I wanted to write something about my mother.
Because I think of her on Mother’s Day.
Because I wonder if she would be proud of me.
It’s been 15 years since she died of cancer, since I became an orphan.
I was 19.
It’s true that 19 is technically adulthood, but I don’t think most people are ready to grow up at 19. Certainly not in my generation.
I had to be the one to take care of my mother at the end of her life. My father had died three years earlier. My brother, eight years older than me, was already out of the house with a family of his own. So, I had to take care of my sick mother and then I was alone.
Things happen. A lot of people have worse childhoods than mine. Some people have parents who mistreat them. I didn’t.
My parents were great.
I didn’t handle it well when dad died my first year of high school (who would?) and then I didn’t handle it well when mom died.
I do believe that tragedy has shaped me into a more compassionate person, though.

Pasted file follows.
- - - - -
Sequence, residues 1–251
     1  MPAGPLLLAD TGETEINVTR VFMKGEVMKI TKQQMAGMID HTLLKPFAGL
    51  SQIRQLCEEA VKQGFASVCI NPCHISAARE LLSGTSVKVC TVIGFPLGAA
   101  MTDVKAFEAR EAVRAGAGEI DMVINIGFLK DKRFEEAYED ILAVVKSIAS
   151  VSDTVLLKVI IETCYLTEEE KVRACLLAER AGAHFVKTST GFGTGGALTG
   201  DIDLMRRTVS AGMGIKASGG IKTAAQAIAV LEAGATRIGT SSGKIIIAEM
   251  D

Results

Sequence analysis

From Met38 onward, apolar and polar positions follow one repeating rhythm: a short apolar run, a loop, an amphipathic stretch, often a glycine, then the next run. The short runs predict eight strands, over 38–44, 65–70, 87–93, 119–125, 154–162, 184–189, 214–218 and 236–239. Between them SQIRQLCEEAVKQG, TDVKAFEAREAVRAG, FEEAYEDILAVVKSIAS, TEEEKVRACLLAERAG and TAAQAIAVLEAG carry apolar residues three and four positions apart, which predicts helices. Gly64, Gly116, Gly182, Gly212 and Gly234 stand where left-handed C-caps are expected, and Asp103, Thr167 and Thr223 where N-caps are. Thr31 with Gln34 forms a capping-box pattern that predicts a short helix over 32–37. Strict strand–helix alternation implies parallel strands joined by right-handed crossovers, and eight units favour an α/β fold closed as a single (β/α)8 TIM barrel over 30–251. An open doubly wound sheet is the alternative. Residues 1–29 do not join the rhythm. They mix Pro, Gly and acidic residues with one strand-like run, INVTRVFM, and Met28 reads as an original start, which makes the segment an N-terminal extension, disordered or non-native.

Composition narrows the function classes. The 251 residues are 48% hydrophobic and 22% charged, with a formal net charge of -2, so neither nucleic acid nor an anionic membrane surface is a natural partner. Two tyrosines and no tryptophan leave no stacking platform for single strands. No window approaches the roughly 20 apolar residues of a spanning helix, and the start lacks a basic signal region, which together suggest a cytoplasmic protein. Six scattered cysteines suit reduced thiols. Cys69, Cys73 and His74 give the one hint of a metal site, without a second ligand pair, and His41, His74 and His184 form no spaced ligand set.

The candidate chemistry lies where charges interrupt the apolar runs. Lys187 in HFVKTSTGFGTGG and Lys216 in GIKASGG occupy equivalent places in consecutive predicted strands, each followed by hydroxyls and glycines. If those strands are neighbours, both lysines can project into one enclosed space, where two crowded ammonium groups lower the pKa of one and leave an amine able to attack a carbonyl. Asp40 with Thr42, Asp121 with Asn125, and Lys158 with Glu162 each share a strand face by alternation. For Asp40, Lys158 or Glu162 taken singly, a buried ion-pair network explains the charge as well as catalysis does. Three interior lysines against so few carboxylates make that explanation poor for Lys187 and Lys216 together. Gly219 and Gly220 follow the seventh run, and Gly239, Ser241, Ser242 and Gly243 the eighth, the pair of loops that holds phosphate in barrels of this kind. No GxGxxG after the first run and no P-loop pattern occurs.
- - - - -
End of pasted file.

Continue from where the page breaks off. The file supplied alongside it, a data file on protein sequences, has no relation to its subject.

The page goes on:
And it led me to Buddhism. The death of my mother coincided with a World Religions class that I took in college. I learned about the Buddha’s journey to overcome suffering and impermanence and a little later that journey became my own. I resisted at first, but in the end it was a path I was compelled to follow.
One of my favorite Zen teachers lost his parents too. Zen Master Dogen lost his father when he was two and his mother when he was seven. Experiencing these horrible tragedies led him to contemplate the meaning of suffering and impermanence. He experienced the suffering that life is full of at an earlier age than most people.
On her deathbed Dogen’s mother told him to always be kind to others.
On her deathbed my mother told me the same thing.
Everyone loses the people they love.
The poet Charles Bukowski said, “We’re all going to die, all of us, what a circus! That alone should make us love each other but it doesn’t. We are terrorized and flattened by trivialities, we are eaten up by nothing.”
That’s important, I think. If we realize that we’re all suffering and dying together, why the hell aren’t we nice to each other? How can we be anything but compassionate and loving to one another? Even one who is your enemy is going to experience terrible tragedies.
We are all love. And we should all act like it and just be nice to each other.
Happy Mother’s Day.
If your mother is alive, give her an extra hug for me.
If she’s gone, let’s mourn together.
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Editor: Renée Picard
Photo: Flickr Commons